About Randy Vanderveen

 Grande Prairie Alberta photographer Randy Vanderveen is an award-winning photographer with two decades of experience. Editorial photography, commercial photography, institutional photography, aerial photography, documentary and humanitarian photography — whatever your photographic needs are in the Peace River Country of northwestern Alberta and northeastern British Columbia or beyond I can help. The right licensing package can make custom photography affordable and extremely effective whether you are a national corporation, a local business or a non-profit or NGO. I would like to sit down and talk with you about how I can meet your photographic needs. Call (780) 897- 6478 or email me for a quote on a job or licensing fees for photos. Feel free to check out the weekly Viewfinder blog.



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Entries in Randy Vanderveen (38)


Spring in the Peace

Photo Randy Vanderveen, Grande Prairie, Alberta The light purple blooms of a prairie crocus mark spring's arrival in the Peace.After a very long winter spring has finally sprung in the Peace Country. Here are a few photos from the past week celebrating that arrival.

Hope you enjoy them. Until next week.

Photo Randy Vanderveen, Cleardale, Alberta Mike Dimon checks on a young calf as he makes his daily ride to look for new arrivals to his herd. By calving later in the spring weather doesn't pose a big a problem to the new additions to his herd.

Photo Randy Vanderveen Grande Prairie, Alberta A tree swallow perches on a strand of barb wire as it checks out its surroundings. Birds are nesting in the Peace and soon young ones will be seen and heard.


Soaring or slogging

Photo Randy Vanderveen, Grande Prairie, Alberta A waxwing launches itself into the air after a feeding frenzy with its flock.It seems there are two distinct sides to my photography — soaring or slogging.

Both accomplish what they need to but from a personal stand point the soaring is a whole lot nicer.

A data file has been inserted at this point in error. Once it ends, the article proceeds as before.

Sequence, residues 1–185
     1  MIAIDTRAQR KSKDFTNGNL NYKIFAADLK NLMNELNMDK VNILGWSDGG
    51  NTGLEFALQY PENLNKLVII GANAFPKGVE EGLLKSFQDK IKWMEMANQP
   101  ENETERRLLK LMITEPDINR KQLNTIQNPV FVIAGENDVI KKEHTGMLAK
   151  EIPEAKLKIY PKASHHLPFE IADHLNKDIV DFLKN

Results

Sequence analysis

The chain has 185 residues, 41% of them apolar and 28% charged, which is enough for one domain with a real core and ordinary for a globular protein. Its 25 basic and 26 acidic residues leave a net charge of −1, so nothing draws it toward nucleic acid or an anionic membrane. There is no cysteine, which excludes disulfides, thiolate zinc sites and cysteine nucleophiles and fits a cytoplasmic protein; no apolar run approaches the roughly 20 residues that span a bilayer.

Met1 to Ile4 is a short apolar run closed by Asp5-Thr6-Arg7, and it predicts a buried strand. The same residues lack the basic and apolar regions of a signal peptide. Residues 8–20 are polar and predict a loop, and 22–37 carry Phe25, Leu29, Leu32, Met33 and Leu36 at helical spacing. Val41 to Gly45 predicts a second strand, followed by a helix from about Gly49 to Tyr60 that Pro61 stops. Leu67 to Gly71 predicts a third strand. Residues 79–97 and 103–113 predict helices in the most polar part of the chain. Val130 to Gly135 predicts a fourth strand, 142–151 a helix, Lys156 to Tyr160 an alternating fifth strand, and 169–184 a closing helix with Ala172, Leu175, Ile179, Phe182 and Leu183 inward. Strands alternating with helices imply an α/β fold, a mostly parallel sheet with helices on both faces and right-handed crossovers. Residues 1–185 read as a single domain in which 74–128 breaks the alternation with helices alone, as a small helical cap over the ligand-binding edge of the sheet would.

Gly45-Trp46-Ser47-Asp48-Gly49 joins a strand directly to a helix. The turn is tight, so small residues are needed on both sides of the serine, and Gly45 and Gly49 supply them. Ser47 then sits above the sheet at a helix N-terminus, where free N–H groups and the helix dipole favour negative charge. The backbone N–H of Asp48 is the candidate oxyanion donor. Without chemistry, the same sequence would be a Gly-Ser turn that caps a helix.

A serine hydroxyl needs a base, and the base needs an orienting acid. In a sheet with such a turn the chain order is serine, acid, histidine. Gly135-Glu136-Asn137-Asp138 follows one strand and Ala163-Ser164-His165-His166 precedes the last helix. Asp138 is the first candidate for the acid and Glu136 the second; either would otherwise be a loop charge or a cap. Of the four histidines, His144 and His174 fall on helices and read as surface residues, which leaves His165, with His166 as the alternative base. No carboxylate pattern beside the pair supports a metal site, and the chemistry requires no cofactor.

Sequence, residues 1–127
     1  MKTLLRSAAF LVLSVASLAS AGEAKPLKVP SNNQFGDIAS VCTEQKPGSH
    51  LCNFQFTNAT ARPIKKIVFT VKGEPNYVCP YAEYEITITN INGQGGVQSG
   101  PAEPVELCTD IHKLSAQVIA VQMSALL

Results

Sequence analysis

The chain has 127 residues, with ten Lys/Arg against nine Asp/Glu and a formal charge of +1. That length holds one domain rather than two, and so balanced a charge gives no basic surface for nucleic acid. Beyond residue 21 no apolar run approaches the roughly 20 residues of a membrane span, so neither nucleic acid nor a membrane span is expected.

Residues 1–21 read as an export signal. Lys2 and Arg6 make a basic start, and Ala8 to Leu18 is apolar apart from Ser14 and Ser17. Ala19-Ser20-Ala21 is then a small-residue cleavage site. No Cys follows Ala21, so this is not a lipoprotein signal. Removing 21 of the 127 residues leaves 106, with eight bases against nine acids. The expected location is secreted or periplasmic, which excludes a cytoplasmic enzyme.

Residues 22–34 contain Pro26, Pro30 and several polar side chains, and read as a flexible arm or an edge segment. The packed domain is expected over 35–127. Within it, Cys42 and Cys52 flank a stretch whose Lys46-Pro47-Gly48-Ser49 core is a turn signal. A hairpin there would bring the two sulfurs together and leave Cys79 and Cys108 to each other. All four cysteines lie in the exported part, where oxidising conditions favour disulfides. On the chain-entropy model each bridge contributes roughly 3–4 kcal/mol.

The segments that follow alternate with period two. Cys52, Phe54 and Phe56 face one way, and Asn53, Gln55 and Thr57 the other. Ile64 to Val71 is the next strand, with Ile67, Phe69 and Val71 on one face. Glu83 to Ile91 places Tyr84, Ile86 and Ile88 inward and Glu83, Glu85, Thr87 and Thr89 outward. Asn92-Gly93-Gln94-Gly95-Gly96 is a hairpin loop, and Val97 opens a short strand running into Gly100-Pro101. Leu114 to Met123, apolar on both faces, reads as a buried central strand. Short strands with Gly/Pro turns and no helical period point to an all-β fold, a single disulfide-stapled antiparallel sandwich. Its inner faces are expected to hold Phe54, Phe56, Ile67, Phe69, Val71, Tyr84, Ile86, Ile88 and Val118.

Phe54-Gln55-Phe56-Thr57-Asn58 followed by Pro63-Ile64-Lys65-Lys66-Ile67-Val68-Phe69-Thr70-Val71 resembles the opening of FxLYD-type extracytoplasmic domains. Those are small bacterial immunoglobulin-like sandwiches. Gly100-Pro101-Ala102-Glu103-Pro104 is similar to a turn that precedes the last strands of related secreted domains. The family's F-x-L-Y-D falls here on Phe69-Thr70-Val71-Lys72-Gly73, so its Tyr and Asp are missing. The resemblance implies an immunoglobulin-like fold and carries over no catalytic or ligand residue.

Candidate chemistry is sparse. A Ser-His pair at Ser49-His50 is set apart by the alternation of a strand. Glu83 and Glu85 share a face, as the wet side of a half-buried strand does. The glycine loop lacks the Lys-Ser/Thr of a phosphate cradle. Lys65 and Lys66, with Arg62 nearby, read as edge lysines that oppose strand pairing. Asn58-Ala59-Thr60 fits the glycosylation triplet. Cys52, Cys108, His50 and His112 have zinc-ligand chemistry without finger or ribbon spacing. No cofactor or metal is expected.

Sometimes it seems everything clicks— clients, subject matter, lighting, etc. It all just seems to fall into place and going out and making photographs is a pleasure and one of the highlights.

However, there is the other side of the equation — the slogging.

Photo: Randy Vanderveen, Bezanson, Alberta. A bison, face covered in snow looks up from rooting through the snow to the ground below.It can be hard work at time. Things don't seem to be coming together to easily. The subject and the client can be wonderful but the lighting can be fighting a person all the way or perhaps the subject of the photo is not co-operative.

Just getting out and shooting, even though it may feel like an upward battle all the way, is necessary and at the end the results can be just as rewarding.

However, I need to make the effort and put in the hard work. (After all, despite looking more graceful, the bird still has to flap its wings and work to get off the ground.)

Do you ever have days where everything seems to work out and you feel the project or task at hand is taking flight by itself?

What about the days where you have to dig in and will yourself and the project to come to light?

What do you find most rewarding? What do you do to help get you motivated during the slogging period?

Looking at it objectively, I can say I am glad neither one lasts forever. If every photo took flight by itself and worked out perfect every time I would never get better in my skills as I wouldn't have to try new things.

Digging through the trenches can be hard work and every once in awhile I feel I need to have a soaring experience as a reward for sticking to it.


Photo Randy Vanderveen, Grande Prairie, Alberta The Canfor yard crane is silhouetted as it works moving logs in yard decks. Anybody that has spent time in Grande Prairie probably recognizes the crane in Canfor's yard. It is almost as much a landmark in the city as 214 Place.

It is good to have something that is equated with hard work and being industrious as a symbol of a community.

I want to continue on working at making it so my photography is also known for the hard work foundation behind it whether it is a simple job or one that is more complex.


A new  beginning

Photo Randy Vanderveen, Saskatoon Island Provincial Park - A vandalized sign near the boat launch at Saskatoon Island Provincial Park west of Grande Prairie, Alberta reduces the authority of the traffic control device.

With the introduction of a new look to the website, I thought I would try my hand at blogging.
I know, cyber-space is filled with blogs which really don't mean anything, but I thought perhaps it would be incentive to me to keep updating this site — adding a picture a week— or something similar.
Bear with me as I work through this and get a weekly pattern down. I am hoping that readers, clients and visitors to my website will stop in to see what is up on a semi-regular basis.It has been a relatively quiet July but I am expecting that things will get a little busier as August rolls around.
I will post again by next week, thanks for taking the time to check things out.


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